Hybrid Cloud

A hybrid cloud is an infrastructure that includes links between one cloud managed by the user (typically called “private cloud”) and at least one cloud managed by a third party (typically called “public cloud”). Although the public and private segments of the hybrid cloud are bound together, they remain unique entities. This allows a hybrid cloud to offer the benefits of multiple deployment models at once. Hybrid clouds vary greatly in sophistication. For example, some hybrid clouds offer only a connection between the on premise and public clouds. All the difficulties inherent in the two different infrastructures is the responsibility of operations and application teams.

Be Sure to Check Out: Private PaaS Enables the Hybrid Cloud Era

Most hybrid cloud articles, pundits, and specialists are focused on the infrastructure. However, Enterprise PaaS provides some of the most essential pieces of a hybrid cloud:

  • Abstraction Layer for Applications – When avoidable, apps should not have infrastructure dependence. Linux and Windows containers are the primary means of abstracting infrastructure from applications. The Enterprise PaaS can also be designed to reduce or eliminate API for platform usage. When there is no API usage combined with third party container standards such as Docker and Rocket, applications will also have technological portability from the PaaS.
  • Policy-Driven Deployment – Organizations need to be able to programmatically deploy workloads based on policy. Some workloads will be deployed into public cloud based upon risk profile and development stage while others will be deployed internally. The application may also move back and forth depending on the desired outcomes. For example, an organization might elect to use a public cloud service for its archived data, but keep the maintenance of its operational customer data in-house.
  • Policy-Driven Service Catalog – Some developers should have on-demand access to multiple cloud services—e.g., data warehousing and Hadoop—from the chosen public cloud providers and internal operations. That access should be granted to specific development teams in a self-service catalog.
  • Existing and New Application / Microservices Support – The new environment should not be exclusive of new greenfield operations and applications but should not exclude them either. Existing applications can and should take advantage of the scalability, elasticity, and other defining characteristics of the cloud. New applications with advanced cloud features should be easier to build. Bootstrap policies and other platform features should help create smart end points that can use dumb pipes, the primary goal of microservices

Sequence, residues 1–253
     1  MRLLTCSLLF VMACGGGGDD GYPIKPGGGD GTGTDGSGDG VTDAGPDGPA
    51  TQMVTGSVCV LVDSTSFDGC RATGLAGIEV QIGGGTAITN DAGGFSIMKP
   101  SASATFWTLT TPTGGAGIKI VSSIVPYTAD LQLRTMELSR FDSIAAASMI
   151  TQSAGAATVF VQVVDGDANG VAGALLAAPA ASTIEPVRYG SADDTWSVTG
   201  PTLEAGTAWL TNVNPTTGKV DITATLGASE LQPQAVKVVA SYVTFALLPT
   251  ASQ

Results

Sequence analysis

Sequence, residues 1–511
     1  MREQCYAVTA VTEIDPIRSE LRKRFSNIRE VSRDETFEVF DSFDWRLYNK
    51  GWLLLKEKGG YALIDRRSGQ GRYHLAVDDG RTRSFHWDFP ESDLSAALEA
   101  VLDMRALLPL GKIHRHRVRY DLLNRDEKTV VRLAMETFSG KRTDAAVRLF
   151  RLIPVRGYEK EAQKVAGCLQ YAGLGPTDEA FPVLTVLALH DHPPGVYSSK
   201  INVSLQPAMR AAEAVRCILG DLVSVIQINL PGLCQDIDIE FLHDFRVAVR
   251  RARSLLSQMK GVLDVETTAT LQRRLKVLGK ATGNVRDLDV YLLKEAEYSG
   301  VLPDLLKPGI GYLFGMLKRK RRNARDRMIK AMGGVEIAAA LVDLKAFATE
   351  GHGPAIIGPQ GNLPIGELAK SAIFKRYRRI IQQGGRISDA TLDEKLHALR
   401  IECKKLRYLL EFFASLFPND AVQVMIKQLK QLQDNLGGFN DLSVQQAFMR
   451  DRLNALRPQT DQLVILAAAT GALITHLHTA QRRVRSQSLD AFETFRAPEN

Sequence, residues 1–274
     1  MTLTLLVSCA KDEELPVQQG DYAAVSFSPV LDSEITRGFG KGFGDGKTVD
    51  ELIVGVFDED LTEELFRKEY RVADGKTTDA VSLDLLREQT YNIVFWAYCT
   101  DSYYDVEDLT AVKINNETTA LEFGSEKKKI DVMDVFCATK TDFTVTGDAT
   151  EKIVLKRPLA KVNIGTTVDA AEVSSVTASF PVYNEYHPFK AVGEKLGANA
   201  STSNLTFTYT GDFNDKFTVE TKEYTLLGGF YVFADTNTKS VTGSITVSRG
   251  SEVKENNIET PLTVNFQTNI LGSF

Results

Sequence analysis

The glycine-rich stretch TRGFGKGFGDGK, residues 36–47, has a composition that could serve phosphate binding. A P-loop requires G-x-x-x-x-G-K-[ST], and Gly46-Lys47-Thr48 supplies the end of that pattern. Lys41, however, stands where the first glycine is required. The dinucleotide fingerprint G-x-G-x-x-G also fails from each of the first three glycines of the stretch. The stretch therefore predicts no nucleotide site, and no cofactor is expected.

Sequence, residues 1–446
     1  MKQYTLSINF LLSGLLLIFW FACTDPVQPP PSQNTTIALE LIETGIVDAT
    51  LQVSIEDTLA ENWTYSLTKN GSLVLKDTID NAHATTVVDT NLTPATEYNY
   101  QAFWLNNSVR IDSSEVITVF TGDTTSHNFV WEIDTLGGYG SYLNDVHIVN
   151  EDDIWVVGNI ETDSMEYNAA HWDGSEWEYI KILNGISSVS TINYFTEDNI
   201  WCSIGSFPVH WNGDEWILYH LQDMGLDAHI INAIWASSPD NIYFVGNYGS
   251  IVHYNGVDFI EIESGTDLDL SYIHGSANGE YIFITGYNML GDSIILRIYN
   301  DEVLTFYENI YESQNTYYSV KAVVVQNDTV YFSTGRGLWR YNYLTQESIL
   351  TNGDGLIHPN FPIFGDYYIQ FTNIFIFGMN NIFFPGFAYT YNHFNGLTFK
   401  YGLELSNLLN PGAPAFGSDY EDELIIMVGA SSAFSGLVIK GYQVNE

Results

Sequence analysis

The idea behind hybrid cloud is that businesses can use it to take advantage of the scalability and cost-effectiveness offered by the public cloud computing environment without exposing mission-critical applications and data to the vulnerabilities associated with the public cloud option. In addition, the hybrid cloud model creates what is often the best and most efficient solution because different types of data can be moved onto whatever platform provides the most efficient and secure environment.

A hybrid cloud is typically created in one of two ways: either a vendor with an existing private cloud solution forms a partnership with a public cloud provider, or a public cloud provider forms a partnership with a vendor that provides private cloud platforms.

Many organizations can reap significant benefits from the hybrid cloud option. For example, a company that wants to use a SaaS application but is concerned about security risks can have a third-party vendor, such as Apprenda, create a private cloud for the company inside its firewall. Or a company that offers services tailored for different vertical markets can opt to use a public cloud to interact with its clients, but keep its data in the secure environment of a private cloud.